Black Educators Share Teachers’ Concerns and Hopes

Delores McCollum, a 31-year retired teacher from Ohio with Jemal Graham, a Teaching Ambassador Fellow and 6-year teacher.  Before becoming a math teacher, Mr. Graham worked in finance and real estate development.

Delores McCollum, a 31-year retired teacher from Ohio with Jemal Graham, a Teaching Ambassador Fellow and 6-year teacher. Before becoming a math teacher, Mr. Graham worked in finance and real estate development.

Thousands of teachers, administrators, coaches, guidance counselors, and parents descended on the Fort Worth, Texas Convention Center November 17-20 for the 38th Annual Conference of the National Alliance of Black School Educators (NABSE).  Designed to bring together educators and parents of the African Diaspora from across the nation and the world, attendees traveled from as far as Nova Scotia, Canada and West Africa. 

On Saturday, November 20, the US Department of Education hosted a teacher roundtable to hear directly from educators their views about the nation’s education system and ED policy.  Though the roundtable included teachers from a diversity of experiences, content areas, and regions, several shared themes became quickly apparent. 

Ending High-Stakes Testing.  One interesting observation made by several veteran educators was that the overwhelming emphasis on test scores in the past decade has eroded the tendency for many teachers to share best practices and serve as the informal mentors that so many new teachers desperately need.  Instead, teachers find themselves in competition with each other over whose test scores will be better.  They expressed hope and optimism that the new focus on growth in President Obama’s Blueprint for Reform will rekindle the spirit of cooperation that has been lost over the last decade.  When teachers can focus on making sure that every child is moving in the right direction rather than worrying about whether their students are outperforming the students in the classroom next door, we will have a system that fosters growth and development for teachers and, most importantly, for students, they said.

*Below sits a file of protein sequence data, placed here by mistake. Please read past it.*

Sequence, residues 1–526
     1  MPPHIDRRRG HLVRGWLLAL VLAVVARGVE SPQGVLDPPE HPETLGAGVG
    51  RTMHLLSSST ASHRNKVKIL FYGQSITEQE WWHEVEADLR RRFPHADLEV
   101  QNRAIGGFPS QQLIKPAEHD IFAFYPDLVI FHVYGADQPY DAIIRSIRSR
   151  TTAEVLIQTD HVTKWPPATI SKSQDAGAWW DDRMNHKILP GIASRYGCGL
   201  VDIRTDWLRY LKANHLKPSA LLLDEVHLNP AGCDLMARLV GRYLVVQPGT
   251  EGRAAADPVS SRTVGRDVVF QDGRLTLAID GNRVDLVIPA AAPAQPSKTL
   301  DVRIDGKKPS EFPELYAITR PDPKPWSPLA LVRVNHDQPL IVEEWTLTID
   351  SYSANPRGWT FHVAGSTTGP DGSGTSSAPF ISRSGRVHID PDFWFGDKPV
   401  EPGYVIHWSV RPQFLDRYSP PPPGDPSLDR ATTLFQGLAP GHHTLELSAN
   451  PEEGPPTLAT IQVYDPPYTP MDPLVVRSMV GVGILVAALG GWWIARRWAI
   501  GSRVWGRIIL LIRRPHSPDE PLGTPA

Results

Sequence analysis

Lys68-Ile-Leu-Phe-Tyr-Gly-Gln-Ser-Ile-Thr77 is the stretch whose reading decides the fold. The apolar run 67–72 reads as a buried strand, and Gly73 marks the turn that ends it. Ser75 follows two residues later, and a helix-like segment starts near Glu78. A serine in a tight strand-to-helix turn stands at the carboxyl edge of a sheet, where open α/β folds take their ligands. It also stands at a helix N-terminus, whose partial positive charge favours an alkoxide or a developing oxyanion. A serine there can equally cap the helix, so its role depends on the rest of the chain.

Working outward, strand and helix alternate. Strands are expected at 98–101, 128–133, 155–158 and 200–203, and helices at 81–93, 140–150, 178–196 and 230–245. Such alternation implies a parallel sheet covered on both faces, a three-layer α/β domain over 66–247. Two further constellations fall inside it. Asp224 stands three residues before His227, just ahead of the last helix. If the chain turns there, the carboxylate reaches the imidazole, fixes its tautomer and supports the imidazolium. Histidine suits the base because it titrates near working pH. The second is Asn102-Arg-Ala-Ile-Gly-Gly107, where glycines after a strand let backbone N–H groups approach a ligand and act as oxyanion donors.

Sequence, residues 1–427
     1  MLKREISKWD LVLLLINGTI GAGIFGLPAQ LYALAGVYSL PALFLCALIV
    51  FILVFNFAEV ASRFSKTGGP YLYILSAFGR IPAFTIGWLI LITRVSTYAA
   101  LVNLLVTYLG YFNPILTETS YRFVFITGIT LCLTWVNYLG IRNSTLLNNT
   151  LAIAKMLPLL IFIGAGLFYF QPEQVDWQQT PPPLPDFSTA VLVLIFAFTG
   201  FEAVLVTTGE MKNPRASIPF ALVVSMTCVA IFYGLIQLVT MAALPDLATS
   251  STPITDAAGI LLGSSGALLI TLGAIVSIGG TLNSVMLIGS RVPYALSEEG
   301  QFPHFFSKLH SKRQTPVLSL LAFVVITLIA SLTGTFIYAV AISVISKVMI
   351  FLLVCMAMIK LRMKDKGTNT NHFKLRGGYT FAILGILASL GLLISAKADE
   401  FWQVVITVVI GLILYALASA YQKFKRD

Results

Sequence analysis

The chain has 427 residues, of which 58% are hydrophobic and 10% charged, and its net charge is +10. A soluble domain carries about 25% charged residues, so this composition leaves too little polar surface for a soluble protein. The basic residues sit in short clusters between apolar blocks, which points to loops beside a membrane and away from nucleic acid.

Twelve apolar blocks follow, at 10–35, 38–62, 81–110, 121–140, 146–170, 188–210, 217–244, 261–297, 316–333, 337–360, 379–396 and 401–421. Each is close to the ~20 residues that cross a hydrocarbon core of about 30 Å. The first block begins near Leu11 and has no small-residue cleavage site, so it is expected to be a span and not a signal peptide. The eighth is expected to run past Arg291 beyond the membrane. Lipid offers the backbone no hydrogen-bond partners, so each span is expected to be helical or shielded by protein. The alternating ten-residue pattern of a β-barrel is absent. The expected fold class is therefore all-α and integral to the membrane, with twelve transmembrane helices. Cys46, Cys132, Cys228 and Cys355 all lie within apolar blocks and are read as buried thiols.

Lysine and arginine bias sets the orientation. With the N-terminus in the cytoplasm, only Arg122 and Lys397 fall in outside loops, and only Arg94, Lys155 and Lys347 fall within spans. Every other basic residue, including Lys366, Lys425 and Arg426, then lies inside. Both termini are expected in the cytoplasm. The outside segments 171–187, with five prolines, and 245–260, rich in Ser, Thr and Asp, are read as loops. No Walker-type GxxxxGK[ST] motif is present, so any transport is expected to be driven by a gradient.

Developing Authentic Teacher Evaluations.  Another common thread from the roundtable discussions was the need for effective systems of evaluation.  Though it may be surprising to some, teachers in the room actually expressed a desire for more methods of evaluation, not less.  A twenty-seven-year veteran of the classroom recalled that during her tenure, “A lot of my colleagues said, ‘… you ought to be glad [that no one has come to observe you in a long time]’ and I thought, no – I’m not glad because I’m not perfect and I need to see [things] from somebody else’s perspective…”

It was extremely evident throughout the roundtable discussion that true professional educators who care about improving their craft and student outcomes are hungry for evaluation systems that consist of more than mere checklists, which result in an “S” or  “U.” 

Speaking as a New York teacher, this is perhaps the most critical facet in the current push for education reform.  Far too many of the “bad” teachers that are maligned in the media are simply caring and dedicated individuals who need proper guidance to improve.  States must develop evaluation systems that give teachers the feedback necessary to make teachers better.  The President’s Blueprint includes plans for developing and supporting teachers, and I am hopeful that Congress will include them in plans to reauthorize the Elementary and Secondary Childhood Education Act.